A crinkle in SunChips' bio-based bag plans
Frito-Lay is replacing most of the plant-based packaging for its SunChips brand snack chip due to consumer complaints that the bag is too noisy.
Undoubtedly one of the biggest sustainability stories in the packaging community in the last couple of years, mega-brand PepsiCo’s use of bioplastics in its Frito-Lay SunChips packaging has been both lauded and criticized since the development was announced in April 2009. Making the switch from traditional petroleum-based flexible film to a 100% plant-based bag in stages, Frito-Lay first launched a package with 33% renewable material before unveiling its 100% plant based bag early this year.
But it seems the monumental development has been undone by consumers’ complaints that the bags are too noisy. As The Wall Street Journal reports, since the bio-based bags hit the shelves in January, “sales of the multigrain snack have since tumbled.”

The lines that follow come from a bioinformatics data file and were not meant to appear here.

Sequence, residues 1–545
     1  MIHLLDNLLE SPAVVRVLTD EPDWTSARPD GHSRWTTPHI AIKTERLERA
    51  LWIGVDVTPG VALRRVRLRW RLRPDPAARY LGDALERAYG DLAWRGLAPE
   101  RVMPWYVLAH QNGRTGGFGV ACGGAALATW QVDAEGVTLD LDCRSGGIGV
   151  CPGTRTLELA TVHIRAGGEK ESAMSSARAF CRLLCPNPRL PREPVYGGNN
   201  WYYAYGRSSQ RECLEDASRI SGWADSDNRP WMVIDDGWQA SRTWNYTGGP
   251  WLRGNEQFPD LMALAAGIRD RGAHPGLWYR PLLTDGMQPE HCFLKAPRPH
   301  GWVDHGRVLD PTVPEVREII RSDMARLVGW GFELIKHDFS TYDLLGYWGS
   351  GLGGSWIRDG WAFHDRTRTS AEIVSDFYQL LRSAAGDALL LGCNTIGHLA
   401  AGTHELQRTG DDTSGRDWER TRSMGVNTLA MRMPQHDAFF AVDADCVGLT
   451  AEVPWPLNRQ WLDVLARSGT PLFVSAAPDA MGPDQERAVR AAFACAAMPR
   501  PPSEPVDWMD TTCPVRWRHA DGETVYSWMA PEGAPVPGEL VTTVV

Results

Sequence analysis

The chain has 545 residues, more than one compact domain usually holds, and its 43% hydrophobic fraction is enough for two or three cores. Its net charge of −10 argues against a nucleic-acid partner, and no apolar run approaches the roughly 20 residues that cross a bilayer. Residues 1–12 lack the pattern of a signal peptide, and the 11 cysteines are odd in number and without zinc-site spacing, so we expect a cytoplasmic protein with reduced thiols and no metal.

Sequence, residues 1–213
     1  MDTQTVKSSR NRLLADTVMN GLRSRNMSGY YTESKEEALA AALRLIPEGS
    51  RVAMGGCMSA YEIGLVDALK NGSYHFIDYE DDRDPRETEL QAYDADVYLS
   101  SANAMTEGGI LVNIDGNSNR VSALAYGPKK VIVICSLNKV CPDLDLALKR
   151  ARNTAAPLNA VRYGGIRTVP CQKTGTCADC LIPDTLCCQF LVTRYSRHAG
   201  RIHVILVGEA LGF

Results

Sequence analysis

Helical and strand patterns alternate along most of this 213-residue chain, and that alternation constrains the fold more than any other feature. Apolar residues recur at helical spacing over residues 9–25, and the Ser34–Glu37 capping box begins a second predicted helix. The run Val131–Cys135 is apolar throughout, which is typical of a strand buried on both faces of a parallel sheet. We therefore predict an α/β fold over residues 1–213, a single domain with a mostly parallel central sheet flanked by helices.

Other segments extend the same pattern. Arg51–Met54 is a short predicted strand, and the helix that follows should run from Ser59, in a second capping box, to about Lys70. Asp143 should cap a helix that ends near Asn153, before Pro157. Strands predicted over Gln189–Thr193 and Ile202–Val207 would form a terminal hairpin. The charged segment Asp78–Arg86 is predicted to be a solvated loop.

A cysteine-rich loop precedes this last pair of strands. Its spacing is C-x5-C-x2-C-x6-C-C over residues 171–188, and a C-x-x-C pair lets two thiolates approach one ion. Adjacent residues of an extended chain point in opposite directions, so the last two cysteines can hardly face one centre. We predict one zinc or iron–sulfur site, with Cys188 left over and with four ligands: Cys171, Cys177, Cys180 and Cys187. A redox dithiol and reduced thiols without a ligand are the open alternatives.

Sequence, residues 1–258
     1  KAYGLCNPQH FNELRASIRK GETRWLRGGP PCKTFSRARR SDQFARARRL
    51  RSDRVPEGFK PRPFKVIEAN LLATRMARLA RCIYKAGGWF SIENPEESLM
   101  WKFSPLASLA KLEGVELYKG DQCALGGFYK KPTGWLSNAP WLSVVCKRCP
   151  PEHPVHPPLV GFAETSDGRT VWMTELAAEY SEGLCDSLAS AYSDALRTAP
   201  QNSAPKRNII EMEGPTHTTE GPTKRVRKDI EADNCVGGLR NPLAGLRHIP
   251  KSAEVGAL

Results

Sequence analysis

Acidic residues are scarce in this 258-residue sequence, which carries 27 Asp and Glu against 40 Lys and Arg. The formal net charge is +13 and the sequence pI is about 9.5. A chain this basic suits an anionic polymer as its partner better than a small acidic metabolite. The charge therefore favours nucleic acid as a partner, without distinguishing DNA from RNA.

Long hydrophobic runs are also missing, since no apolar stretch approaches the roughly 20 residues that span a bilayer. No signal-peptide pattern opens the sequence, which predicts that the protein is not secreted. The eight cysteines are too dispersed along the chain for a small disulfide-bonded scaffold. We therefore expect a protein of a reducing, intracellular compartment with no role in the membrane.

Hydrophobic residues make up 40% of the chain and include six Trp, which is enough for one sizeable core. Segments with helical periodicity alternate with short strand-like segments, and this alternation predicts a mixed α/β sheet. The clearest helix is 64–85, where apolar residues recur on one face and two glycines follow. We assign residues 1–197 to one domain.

Facing what is rumored to be double-digit sales losses for its SunChips, Frito-Lay is turning back to traditional film packaging for five of its six SunChips varieties. It will continue to use the greener, albeit louder, bag for its Original flavor.
As Frito-Lay Consumer Affairs recently advised The Inspired Economist, “Frito-Lay is taking steps to improve the SunChips 100% compostable packaging launched in early 2010. The new steps help address consumers’ feedback about the bag’s noise level, while continuing to build on the environmental benefits.
“While Frito-Lay works to develop a next-generation compostable package, SunChips Original snacks will remain in the current 100% compostable package, while the other SunChips flavors will be transitioned back to their traditional packaging. Once the improved compostable bag is ready, it will be featured in the SunChips Original flavor, allowing Frito-Lay to monitor consumers’ response.”